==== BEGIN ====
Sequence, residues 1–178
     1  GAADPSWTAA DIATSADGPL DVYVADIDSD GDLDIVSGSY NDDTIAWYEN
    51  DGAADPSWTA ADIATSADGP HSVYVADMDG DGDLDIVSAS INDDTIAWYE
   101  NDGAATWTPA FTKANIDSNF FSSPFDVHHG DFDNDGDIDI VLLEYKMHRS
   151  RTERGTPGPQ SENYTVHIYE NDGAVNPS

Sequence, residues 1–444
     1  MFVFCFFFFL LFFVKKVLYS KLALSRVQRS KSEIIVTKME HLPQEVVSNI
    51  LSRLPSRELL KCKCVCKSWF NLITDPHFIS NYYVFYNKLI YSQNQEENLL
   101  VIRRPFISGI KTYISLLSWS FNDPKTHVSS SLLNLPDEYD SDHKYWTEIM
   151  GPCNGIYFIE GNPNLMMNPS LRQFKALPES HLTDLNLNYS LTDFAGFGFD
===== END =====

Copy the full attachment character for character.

Sequence, residues 1–178
     1  GAADPSWTAA DIATSADGPL DVYVADIDSD GDLDIVSGSY NDDTIAWYEN
    51  DGAADPSWTA ADIATSADGP HSVYVADMDG DGDLDIVSAS INDDTIAWYE
   101  NDGAATWTPA FTKANIDSNF FSSPFDVHHG DFDNDGDIDI VLLEYKMHRS
   151  RTERGTPGPQ SENYTVHIYE NDGAVNPS

Sequence, residues 1–444
     1  MFVFCFFFFL LFFVKKVLYS KLALSRVQRS KSEIIVTKME HLPQEVVSNI
    51  LSRLPSRELL KCKCVCKSWF NLITDPHFIS NYYVFYNKLI YSQNQEENLL
   101  VIRRPFISGI KTYISLLSWS FNDPKTHVSS SLLNLPDEYD SDHKYWTEIM
   151  GPCNGIYFIE GNPNLMMNPS LRQFKALPES HLTDLNLNYS LTDFAGFGFD